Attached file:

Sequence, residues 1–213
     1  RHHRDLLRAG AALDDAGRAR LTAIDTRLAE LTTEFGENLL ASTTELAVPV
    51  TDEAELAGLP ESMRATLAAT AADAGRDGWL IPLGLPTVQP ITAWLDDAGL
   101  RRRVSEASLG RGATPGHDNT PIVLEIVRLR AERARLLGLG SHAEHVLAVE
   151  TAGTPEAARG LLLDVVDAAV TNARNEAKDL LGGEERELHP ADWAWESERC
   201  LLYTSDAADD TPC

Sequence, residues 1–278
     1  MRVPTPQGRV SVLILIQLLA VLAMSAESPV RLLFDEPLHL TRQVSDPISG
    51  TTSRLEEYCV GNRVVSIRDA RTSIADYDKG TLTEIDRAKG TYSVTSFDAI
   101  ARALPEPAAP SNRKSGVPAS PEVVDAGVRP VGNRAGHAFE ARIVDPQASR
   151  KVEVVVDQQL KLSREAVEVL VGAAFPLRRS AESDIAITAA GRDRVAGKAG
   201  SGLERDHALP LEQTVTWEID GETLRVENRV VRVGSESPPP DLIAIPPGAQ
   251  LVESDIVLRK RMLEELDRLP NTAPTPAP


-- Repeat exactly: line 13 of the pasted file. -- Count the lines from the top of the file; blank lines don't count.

   251  LVESDIVLRK RMLEELDRLP NTAPTPAP